So, it’s ok to go out and shop and it is ok to put one of those cheesy blow-up Santa’s in your front yard (as long as you don’t live on my street). Just don’t forget to keep the nativity scene front and center of it all.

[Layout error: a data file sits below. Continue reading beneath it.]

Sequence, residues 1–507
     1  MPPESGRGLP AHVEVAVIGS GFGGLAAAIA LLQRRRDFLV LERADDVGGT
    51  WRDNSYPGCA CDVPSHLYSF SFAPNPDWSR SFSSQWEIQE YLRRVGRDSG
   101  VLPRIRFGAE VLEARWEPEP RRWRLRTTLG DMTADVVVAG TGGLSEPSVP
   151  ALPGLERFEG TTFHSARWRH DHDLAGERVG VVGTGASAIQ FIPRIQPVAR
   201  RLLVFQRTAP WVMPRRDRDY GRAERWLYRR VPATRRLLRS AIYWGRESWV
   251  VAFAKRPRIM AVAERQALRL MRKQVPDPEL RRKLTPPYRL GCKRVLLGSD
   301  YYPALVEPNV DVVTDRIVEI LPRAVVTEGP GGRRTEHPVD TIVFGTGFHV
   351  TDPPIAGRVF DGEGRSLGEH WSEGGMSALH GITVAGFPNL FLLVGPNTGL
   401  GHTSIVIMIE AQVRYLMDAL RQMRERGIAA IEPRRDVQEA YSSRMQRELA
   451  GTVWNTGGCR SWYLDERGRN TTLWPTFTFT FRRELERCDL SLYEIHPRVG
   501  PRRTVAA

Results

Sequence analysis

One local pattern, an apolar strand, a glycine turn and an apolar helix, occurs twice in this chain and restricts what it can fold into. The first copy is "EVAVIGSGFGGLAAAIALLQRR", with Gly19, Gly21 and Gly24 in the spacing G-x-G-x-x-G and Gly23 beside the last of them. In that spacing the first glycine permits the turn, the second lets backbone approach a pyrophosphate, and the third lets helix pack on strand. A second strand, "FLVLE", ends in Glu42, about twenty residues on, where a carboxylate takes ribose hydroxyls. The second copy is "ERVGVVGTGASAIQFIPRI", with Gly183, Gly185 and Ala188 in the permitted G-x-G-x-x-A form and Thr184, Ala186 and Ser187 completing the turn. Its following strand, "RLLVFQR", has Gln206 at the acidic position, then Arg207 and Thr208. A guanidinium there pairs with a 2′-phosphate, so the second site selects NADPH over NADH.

There’s a hip, sort of melancholy, song called “Lost In My Mind” that I listen to now and then. The song feels like therapy in a way. Of course you’d probably like a peek into my addled psyche to understand why. Not a chance! The point is that even sappy sad songs can lift our spirits. Thank God for music and the joy it bestows. And yet many of us often discover that joy, other than ephemeral joy, is elusive because we don’t always perceive our purpose, place, calling, raison d’être, as clearly revealed to us by God. That’s me! Oh don’t feel sorry for me (OK you can send some flowers if you like); I’m simply searching for the truth. Yes, yes, I know the struggles and disappointments to finding joy via purpose are just byproducts of what Christianity calls our fallen world. Don’t get me wrong, there have been times when I felt God touch my life and point me in the right direction. And God can be experienced in other ways, as well. I just returned from four days at Lake Tahoe, California, and let me tell you the greatness of God was clearly evident in the granite mountains surrounding the Lake; granite that took eons to sculpt by the slow grinding pressure of ancient glaciers on enormous mountains populating heights where the air is thin (God is extreeeemely patient, unlike me). But on a personal level, I’ve often heard it said in the church that God loves you and has a wonderful plan for your life. Well, with more than two score years under my belt, I’m still waiting to see what the main plan looks like. I know that sounds a bit negative, but it’s honest. The tedium of life can discourage the most stout-hearted soul as the years drag by while it appears God has forgotten us. I envy folks who have the hand of God clearly on their lives, directing them and using them in astounding ways. They often seem full of joy, energy, and a positive spirit. They accomplish extraordinary things. But what about the rest of us, are we doomed to a life without God opening doors or using our skills and passions to help advance his mission? I don’t know! Even I doubt now and then. I occasionally wonder is God real. But anyhow, based on what I’ve read in the Bible and observed in the church, it seems like God’s love and design often work just under the surface as we trudge through the days of our lives (is that soap opera still on TV?). King David was used by God at an early age. Moses was used by God later in life. But they both had a season of preparation when they likely didn’t think much would happen as orchestrated by God. Of course they were selected for leadership. So what about the rest of us, the worker bees? Where do we fit in? Does God really have a plan for each person’s life? I hope so. I hope God uses us even when it doesn’t feel like God is using us. Before uniting with Christ, or at least before taking him seriously, we chase the proverbial pot of gold. After taking him seriously, many of us chase the blessing of knowing his plan for our life. I hope he’s pleased by that desire to be used by him. I hope he has something special for each person, not just a select few, to accomplish in his service. Yep, hope is a wonderful thing.